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SATELLITE EDUCATION PROJECT LAUNCHED – Canadian astronaut Jenni Sidey is seen with an example of a CubeSat at last Friday’s national launch event held at the university of Manitoba. Photo courtesy CANADIAN SPACE AGENCY

Yukon College joins CubeSat space program

Yukon College students will be among a number of post-secondary school students slated to become part of the Canadian Space Program over the next three years.

By Stephanie Waddell on May 10, 2018

Yukon College students will be among a number of post-secondary school students slated to become part of the Canadian Space Program over the next three years.

The college – in partnership with Aurora College in Inuvik and the University of Alberta – will be part of the Canadian CubeSat Project with a $250,000 grant awarded to the YukonSat project. The plan was announced late last week.

The college is one of 15 in total from across the country where college and university students from each province and territory will design, build and launch their own CubeSat (a small 10 cubic cm satellite) into space.

The satellite will orbit Earth for nine months in 2020 or 2021.

“The Canadian CubeSat Project invites Canadian students to rise to the challenge of space, and after reading the winning proposals, I can say that they are ready to take it on,” CSA astronaut Jenni Sidey said at the announcement.

“What better way to engage Canadian students in STEM activities than to give them an opportunity to take part in a real space mission?”

The program will see students work on the space mission from start to finish over the three years.

Along with the design, building and launch, the college will be operating the satellites and conducting experiments in space, providing experience in science and engineering.

“It will also give the useful experience and skills in project management, leadership, marketing and communications,” it was highlighted in a statement by the CSA. “This will equip them well for the jobs of the future.”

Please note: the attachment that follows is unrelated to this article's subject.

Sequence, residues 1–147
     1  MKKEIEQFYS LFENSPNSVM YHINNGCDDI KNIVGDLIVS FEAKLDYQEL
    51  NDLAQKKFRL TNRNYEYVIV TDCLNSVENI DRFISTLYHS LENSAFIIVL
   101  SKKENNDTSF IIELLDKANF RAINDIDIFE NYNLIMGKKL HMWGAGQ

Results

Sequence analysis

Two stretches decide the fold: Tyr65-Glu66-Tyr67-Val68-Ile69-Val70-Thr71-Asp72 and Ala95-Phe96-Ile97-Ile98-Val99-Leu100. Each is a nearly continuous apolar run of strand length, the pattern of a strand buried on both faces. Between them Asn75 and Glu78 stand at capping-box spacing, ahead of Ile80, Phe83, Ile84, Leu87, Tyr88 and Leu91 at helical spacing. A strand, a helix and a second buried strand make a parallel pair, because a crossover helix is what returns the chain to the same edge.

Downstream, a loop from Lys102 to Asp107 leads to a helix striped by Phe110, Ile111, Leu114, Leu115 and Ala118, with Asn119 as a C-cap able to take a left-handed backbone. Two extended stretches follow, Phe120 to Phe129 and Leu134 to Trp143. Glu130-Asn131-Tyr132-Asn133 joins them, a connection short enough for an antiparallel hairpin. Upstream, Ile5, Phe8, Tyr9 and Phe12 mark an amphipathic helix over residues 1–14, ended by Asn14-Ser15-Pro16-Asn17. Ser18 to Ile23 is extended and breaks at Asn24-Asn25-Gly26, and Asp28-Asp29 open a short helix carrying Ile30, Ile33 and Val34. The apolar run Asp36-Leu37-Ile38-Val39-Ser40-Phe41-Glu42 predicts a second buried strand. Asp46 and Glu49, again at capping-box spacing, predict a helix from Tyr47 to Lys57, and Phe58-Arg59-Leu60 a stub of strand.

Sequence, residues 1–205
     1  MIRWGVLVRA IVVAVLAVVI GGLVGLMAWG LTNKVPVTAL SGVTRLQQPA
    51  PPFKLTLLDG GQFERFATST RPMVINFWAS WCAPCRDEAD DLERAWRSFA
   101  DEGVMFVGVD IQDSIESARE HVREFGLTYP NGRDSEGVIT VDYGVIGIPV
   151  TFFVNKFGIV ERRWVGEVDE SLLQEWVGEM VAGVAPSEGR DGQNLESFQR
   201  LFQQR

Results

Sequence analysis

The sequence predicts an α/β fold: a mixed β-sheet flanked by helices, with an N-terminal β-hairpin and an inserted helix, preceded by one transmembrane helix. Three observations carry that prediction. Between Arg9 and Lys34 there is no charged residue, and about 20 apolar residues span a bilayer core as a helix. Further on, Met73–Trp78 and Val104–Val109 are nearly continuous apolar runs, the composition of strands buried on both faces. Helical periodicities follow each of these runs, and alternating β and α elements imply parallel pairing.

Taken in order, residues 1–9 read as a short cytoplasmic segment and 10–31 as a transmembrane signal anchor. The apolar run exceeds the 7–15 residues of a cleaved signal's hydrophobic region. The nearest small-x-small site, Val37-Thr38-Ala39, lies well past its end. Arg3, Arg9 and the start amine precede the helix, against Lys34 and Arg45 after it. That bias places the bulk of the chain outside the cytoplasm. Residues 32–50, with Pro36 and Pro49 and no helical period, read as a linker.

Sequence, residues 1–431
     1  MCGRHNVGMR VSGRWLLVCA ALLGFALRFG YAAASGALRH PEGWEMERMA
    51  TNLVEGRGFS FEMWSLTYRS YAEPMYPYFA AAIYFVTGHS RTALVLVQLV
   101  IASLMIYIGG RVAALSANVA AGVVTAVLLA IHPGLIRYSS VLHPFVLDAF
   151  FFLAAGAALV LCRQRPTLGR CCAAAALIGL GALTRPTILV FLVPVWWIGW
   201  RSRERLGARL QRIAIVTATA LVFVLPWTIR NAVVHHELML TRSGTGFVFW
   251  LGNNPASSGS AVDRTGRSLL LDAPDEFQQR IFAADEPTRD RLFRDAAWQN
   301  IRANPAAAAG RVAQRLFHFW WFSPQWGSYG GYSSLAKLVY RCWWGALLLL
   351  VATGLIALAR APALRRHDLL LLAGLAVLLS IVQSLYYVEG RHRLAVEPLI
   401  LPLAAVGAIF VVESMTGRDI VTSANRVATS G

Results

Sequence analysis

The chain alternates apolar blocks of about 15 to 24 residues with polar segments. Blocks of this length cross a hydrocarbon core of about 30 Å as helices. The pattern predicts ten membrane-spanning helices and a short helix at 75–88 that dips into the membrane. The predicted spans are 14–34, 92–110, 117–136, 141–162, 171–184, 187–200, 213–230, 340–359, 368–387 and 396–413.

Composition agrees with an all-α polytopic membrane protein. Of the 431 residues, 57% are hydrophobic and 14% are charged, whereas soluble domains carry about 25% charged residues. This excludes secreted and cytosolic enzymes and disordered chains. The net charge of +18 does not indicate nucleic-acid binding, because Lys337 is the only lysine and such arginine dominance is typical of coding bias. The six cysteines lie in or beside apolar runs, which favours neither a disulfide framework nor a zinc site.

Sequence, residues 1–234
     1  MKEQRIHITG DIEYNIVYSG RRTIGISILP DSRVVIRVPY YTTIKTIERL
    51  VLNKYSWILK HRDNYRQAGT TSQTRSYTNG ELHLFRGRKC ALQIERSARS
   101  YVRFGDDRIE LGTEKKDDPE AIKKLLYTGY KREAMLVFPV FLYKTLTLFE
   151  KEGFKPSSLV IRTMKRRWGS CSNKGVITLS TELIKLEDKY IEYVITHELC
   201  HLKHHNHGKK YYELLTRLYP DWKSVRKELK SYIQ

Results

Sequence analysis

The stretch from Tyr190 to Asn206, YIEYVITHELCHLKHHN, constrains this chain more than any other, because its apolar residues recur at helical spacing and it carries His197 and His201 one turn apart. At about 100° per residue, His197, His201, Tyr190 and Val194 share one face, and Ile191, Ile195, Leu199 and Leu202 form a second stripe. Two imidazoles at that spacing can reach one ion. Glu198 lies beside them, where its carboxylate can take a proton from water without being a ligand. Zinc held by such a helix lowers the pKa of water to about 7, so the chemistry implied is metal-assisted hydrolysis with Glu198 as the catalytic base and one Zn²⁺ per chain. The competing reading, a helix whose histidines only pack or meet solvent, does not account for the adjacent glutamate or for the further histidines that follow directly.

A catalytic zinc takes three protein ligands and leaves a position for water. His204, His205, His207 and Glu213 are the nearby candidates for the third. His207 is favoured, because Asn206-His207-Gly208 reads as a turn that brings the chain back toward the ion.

The initiative falls under the federal government’s Innovation and Skills Plan, a multi-year strategy aimed at creating well-paying jobs for the middle class.

“The CubeSat project is training Canada’s next generation of innovators, engineers and astronauts,” said Navdeep Bains, the federal minister of Innovation, Science and Economic Development.

“Congratulations to the winning teams and their professors. These students are learning critical skills that will help them get the middle-class jobs of tomorrow. We can’t wait to see these satellites launched.”

Alison Anderson is the college’s technology innovation officer who’s heading up its CubeSat project,.

She told the Star this week it’s been on the radar for a while since the CSA began reaching out to post-secondary institutions that might want to be involved. “We’re really excited about it,” she said, describing it as the college’s “first space mission.”

A team of about five from the college put together the proposal recognizing the STEM (science, technology, engineering and math) opportunities it would bring to students, the school and the territory.

Exactly how many students will be involved in the project, timelines and other such details around the project will be unveiled at an announcement in June.

Comments (3)

Up 2 Down 0

Einstein’s Other half on May 11, 2018 at 3:33 pm

Yes , anything that can help raise the profile of Yukon College from ‘Grade 13 for dummies’ and maybe attracts a couple of quality science/technology lecturing staff from a real university, has to be a good thing. Even if it comes with a quarter million price tag. Excellent news !

Up 1 Down 0

ProScience Greenie on May 11, 2018 at 9:51 am

This is great news. Hopefully we see more education opportunities with Yukon College in science, math and technology. It is badly needed.

Up 2 Down 0

My Opinion on May 11, 2018 at 2:11 am

hmmmm. Quarter of a MILLION DOLLARS?????

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